It was April 2014. I was hiking along the treacherous route to Fairy Meadows, near Nanga Parbat, along with friends. As we switched from jeep to horse to foot, all the while staring into the deepening abyss below and the rising cliff above, feeling the temperate breeze and stealing glances at the magnificent beauty of Nanga Parbat, I asked myself: How come this place isn’t thronged with climbers?
Providence heard. We chanced upon a group of not one, two or three, but 28 Thai women hikers chatting, smiling and skipping on the narrow path as if gravity or injury didn’t exist. Further ahead, we saw three dead serious Englishmen making their way ponderously up the slope. I walked up to them and donning my best impression of a hint of a semblance of a tinge of a British accent, asked them, what had made them come all the way here.
“The reason is right beneath your feet!” they replied.
“Don’t you have the Alps in Europe?”
“Where our Alps end, this place begins!”
Apparently, the world has woken up. Conde Nast Traveller, a US based lifestyle publication, recently published its list of “The Best Holiday Destinations for 2020”. It kicks off with Japan, meanders through Croatia, Panama, Morocco, Europe, China, the Middle East, USA, finally arriving in our own country, Pakistan, as the numero uno destination.
The magazine writes: “Thwarted by tales of terrorism and Taliban rule, Pakistan’s tourism industry has been stymied for the past two decades. But ancient valleys, relaxed visa restrictions and a high-profile royal visit from the Duke and Duchess of Cambridge at the end of 2019 mean that at a start of a new decade, this remarkable country is also entering a new era.”
Apparently, it takes a Royal visit to validate Pakistan as a travel destination! Sadly the intro draws on lazy tropes about Pakistan’s perception (when and where was Taliban rule EVER in Pakistan?). The write up also focuses solely on Pakistan’s magnificent mountain ranges, which, in sheer scope, beauty and concentration of high peaks, are unmatched by anywhere else in the world. However, there is much more to Pakistan.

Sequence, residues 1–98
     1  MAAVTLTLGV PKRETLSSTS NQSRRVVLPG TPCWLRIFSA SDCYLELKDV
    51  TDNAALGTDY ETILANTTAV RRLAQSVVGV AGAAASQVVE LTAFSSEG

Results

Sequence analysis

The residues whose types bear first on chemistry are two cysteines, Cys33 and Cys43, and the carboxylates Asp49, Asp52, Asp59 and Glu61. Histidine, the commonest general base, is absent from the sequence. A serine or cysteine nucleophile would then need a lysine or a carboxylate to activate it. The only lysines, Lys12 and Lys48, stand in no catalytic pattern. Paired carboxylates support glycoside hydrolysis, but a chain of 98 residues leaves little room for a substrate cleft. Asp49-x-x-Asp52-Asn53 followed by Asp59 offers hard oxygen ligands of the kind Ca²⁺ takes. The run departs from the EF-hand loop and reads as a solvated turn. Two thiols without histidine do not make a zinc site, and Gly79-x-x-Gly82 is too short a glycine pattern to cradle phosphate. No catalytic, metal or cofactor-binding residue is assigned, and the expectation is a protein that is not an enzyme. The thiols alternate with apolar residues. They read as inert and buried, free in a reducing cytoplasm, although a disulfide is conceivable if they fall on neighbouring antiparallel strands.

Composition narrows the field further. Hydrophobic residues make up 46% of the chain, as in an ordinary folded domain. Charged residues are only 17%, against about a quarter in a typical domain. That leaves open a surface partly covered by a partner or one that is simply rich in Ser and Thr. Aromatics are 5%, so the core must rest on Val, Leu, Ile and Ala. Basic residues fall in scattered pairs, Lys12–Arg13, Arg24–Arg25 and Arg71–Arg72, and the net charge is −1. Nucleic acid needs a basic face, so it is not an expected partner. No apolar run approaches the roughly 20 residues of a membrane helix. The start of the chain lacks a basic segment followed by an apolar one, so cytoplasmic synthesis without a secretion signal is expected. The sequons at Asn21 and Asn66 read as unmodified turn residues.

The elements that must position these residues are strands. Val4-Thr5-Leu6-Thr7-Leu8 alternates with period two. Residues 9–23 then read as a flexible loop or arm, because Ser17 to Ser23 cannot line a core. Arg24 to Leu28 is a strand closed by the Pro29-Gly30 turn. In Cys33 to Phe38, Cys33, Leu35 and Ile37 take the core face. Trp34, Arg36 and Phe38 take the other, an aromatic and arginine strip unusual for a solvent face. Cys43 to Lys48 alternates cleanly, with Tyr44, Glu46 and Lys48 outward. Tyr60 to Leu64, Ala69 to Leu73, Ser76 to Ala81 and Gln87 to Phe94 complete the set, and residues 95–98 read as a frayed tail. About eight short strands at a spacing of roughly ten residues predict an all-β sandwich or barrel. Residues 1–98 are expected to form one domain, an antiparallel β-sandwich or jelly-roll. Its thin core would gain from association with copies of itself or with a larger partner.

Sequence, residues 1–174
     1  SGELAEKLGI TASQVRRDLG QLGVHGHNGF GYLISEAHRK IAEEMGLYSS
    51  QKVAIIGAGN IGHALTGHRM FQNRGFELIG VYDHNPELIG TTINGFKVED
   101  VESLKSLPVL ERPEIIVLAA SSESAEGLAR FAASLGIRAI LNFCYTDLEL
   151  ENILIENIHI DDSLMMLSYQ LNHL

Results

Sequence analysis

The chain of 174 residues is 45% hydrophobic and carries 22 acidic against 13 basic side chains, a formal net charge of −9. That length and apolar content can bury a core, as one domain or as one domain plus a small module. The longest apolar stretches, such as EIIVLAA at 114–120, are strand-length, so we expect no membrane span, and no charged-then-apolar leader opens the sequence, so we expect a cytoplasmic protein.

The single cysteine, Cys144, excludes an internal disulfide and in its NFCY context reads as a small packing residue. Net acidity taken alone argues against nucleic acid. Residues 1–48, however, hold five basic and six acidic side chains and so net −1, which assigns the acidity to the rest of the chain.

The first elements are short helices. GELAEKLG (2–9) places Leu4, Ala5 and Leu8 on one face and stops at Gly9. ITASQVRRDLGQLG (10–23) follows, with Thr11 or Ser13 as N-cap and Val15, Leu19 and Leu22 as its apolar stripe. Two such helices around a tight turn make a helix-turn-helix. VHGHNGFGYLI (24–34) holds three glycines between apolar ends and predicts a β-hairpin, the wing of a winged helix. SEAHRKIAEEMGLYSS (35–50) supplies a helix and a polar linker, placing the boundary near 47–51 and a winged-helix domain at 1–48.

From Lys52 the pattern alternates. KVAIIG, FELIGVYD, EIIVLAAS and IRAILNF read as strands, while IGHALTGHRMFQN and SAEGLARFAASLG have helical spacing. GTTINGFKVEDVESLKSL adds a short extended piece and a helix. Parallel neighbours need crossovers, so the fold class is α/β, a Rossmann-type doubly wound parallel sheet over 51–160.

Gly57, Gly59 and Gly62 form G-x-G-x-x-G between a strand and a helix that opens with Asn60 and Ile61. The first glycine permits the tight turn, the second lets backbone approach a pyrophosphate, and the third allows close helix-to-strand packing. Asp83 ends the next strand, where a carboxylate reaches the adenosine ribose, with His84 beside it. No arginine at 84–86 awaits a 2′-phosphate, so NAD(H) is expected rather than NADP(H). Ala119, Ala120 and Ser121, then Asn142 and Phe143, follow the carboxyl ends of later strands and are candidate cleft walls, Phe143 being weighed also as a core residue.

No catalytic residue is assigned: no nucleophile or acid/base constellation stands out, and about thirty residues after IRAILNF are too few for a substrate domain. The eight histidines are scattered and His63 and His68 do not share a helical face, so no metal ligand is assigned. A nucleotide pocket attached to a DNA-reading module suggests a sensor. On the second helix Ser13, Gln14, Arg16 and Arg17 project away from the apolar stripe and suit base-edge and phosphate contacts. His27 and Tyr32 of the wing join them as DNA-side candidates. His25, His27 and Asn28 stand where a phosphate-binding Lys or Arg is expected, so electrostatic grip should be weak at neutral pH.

“Thwarted by tales of terrorism and Taliban rule, Pakistan’s tourism industry has been stymied for the past two decades. But ancient valleys, relaxed visa restrictions and a high-profile royal visit from the Duke and Duchess of Cambridge at the end of 2019 mean that at a start of a new decade, this remarkable country is also entering a new era.”
In my hometown of Quetta, you can experience ice-capped peaks in the distance, blooming spring in the city, and almost tropical heat as you travel towards the Bolan Pass, a mere dozen kilometres away, all coexisting simultaneously. In Sukkur, you can witness the barrage, a two kilometre long structure of magnificent arches, engulfed (these days) in a quasi mystical fog atop the Indus. In Lahore, you can experience some of the most advanced urban infrastructure in Asia as well as some of the most ancient. Balochistan is a study in arabesque desert vistas, dotted by oases, orchards, rivulets and vegetation, starting from the highlands in the north to the pristine coast in the south. In KP, you can travel along the Karakoram Highway and witness one lush green valley after another, your jaw progressively travelling floorward as the road rises more steeply arriving in Kohistan and crossing over to Gilgit Baltistan and beyond. You can visit Kashmir for picture book green panoramas and winding rivers. You can travel the Motorway between Lahore and Peshawar and feel compelled to wander off into the wilderness such is the uninterrupted beauty of the landscape over a thousand kilometres.
Whether you crave the snow capped Swiss Alps, the medieval beauty of Britain’s Lake District, the wildlife of the African Savannahs, the deserts of the Middle East, the blue and white beaches of the Caribbean, the icy wastelands of Antarctica, the rainforests of South America – Pakistan has you covered – and there are reasonable travel facilities on the road and rail networks across a huge portion of the country.
And I haven’t even started on the food yet.
Pakistan is an unmatched melting pot. Consequently, our cuisine draws from Moghul, as well as Indian, Far Eastern, Middle Eastern, and Central Asian cuisines. We do western fast food chains better than the West itself – don’t take my word for it, see a host of Western food bloggers on the internet.
Everything I said is not a patriotic pipe dream or flight of fantasy. Believe me, in my 42 years of existence, I have travelled only occasionally, and all of the above is based on my meagre personal travels. I have witnessed, experienced, tasted, smelled and touched everything that I have mentioned!
It is telling that while Conde Nast finally recognises Pakistan as the Number One travel destination in the world for 2020, it doesn’t begin to do justice to our country.